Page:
(davidsonscott15, Flickr)... (davidsonscott15, Flickr)

If you're unlucky enough to get caught speeding over the holidays, we sincerely hope it happens in Sansom Park, Texas.

Why? Instead of doling out expensive tickets and a corresponding bump in insurance rates, the small town north of Fort Worth developed a program that presents offending drivers with a different slip of paper.

Sansom Park's program is called "Tickets For Tots" and instead of asking speeding drivers to cough up a fine, they simply ask for toys for kids. Drivers can bring their toy donations to the police headquarters, where they are collected for needy families.

"Most people aren't too happy when they see red and blue lights in their rear view mirror," Officer James Crippen of the Sansom Park Police Department told CBS-11 in Dallas. "So once they receive a Tickets For Tots, it's basically the same thing as a warning to them. It doesn't cost them anything; it kind of helps them out at the same time."

Programs like this tend to be successful both inside and outside the community they serve because, as a former state police officer notes, they provide relief to an area that every driver hates to think about.

"Programs like this tend to work well because they engender a feeling of community relations that is worth more than the revenue from the ticket," said Michael Bornhop, a former police officer in Michigan. "Not to mention, they're clearly setting themselves up for the kind of PR that, come millage or tax time, will only help their cause with their own citizens."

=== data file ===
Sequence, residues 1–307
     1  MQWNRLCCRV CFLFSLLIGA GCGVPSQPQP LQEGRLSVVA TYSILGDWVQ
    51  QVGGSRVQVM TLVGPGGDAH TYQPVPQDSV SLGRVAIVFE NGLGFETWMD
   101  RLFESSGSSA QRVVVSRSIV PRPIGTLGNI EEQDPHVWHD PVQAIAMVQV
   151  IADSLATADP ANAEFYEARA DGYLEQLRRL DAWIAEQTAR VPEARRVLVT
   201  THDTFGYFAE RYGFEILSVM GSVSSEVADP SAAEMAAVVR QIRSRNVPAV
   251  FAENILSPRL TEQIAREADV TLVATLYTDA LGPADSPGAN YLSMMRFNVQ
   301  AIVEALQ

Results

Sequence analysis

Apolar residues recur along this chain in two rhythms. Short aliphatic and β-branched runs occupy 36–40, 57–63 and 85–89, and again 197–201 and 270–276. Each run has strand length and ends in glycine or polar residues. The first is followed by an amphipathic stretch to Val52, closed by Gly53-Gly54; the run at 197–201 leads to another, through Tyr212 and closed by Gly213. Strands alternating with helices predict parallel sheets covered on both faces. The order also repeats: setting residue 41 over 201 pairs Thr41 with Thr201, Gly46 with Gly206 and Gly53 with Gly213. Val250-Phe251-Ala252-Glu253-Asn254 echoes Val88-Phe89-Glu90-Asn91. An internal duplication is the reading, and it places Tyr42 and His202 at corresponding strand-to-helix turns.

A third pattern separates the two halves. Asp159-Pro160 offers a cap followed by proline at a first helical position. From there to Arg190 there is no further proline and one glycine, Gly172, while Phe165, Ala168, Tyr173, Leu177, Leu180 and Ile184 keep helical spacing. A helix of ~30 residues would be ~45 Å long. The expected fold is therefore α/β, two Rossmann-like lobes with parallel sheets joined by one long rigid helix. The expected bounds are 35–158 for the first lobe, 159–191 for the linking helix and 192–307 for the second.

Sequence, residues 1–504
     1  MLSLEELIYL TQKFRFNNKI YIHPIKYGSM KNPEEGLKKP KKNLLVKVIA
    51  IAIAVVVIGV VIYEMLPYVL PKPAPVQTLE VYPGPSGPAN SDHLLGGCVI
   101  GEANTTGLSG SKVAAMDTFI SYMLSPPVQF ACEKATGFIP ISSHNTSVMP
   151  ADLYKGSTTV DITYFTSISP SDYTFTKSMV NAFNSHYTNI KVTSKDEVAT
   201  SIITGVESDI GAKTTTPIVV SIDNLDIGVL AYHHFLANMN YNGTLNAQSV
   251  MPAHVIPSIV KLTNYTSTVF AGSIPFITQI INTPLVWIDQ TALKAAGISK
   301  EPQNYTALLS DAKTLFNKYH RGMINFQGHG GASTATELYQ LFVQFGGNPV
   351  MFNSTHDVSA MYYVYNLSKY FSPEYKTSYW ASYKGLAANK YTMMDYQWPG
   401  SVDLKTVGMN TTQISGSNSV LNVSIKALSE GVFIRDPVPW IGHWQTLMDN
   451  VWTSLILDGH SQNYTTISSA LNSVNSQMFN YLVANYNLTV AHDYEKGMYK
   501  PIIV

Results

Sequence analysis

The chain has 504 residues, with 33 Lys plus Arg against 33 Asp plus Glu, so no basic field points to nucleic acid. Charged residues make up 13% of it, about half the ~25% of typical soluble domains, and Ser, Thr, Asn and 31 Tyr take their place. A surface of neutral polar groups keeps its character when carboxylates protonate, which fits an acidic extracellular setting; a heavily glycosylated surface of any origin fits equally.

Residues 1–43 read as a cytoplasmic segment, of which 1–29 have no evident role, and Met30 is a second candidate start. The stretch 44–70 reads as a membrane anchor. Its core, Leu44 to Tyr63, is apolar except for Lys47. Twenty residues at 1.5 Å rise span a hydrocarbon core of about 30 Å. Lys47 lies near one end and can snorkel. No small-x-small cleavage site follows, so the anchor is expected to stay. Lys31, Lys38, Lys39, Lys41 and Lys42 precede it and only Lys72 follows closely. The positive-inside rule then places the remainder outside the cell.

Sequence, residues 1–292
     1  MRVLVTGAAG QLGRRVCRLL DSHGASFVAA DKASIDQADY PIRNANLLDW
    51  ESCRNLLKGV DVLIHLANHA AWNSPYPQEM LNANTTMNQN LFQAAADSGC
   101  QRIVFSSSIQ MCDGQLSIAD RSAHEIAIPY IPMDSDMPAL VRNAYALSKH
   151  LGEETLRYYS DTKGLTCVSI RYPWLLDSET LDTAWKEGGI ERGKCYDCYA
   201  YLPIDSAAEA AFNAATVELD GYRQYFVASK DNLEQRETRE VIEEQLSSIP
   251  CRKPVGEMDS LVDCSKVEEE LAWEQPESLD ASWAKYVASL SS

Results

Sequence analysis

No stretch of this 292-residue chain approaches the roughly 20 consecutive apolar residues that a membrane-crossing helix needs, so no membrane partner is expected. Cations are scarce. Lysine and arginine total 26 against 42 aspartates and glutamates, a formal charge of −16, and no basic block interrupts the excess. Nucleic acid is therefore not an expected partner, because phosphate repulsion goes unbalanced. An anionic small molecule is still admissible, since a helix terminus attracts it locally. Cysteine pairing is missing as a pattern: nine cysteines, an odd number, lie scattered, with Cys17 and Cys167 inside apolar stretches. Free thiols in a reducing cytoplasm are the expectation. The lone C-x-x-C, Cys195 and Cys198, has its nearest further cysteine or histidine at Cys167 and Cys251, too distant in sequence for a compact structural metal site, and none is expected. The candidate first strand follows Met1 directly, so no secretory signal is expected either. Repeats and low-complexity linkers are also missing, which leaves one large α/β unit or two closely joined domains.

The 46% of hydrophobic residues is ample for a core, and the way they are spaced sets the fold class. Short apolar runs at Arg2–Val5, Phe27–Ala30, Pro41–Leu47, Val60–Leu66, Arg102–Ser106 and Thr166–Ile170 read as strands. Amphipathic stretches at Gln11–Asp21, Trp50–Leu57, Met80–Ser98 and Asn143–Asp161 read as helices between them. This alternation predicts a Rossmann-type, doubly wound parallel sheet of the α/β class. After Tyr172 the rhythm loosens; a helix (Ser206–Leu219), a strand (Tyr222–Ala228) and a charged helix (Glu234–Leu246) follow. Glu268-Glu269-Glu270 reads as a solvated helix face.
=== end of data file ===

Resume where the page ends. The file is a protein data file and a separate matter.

By any indication, the program in Sansom Park has been successful. The number of toys received by the police deparment was so great that they had to move them to the town Fire Department. So far the police department has received over 1,000 toys, some by people who simply heard about the program and wanted to donate.

"We get a lot of different reactions," Sansom Park Lieutenant Gary Hawkins, one of the firefighters who delivers toys to families, told CBS-11. "But they're all completely overjoyed getting a Christmas they didn't expect from a big shiny red fire truck."

While Sansom Park's program is novel, it's not the first time we've heard of police departments taking ticket-writing in a creative direction:

  • In the summer of 2009, Linden, New Jersey police officers handed out "tickets" to reward children for wearing their bicycle helmets in an effort to promote their usage. Instead of a fine, the ticket was good for a free cone from the local Dairy Queen.

  • The country of Peru is set to launch a new program next year where they will write "virtual" traffic tickets for cargo and commercial vehicles that speed. In Peru every commercial vehicle is required to have a GPS, making the (rather frightening) new policy possible.

  • Years ago, Gulfport, Mississippi police officers issued "safe driving" tickets for drivers they saw operating within the letter of the law or showing unusual acts of kindness on the roadways.

Don't expect your local police department to change its tune, however. It's estimated that well over 100,000 speeding tickets are written each day in the U.S. and -- for those of us who don't live in Sansom Park, Texas -- they'll cost you.

Read More about Speeding Tickets on AOL Autos:

- 10 Ways to Avoid a Cop Giving You a Speeding Ticket
- Get Your Speeding Ticket Paid For You
- Avoid Speeding (Especially In These Places)

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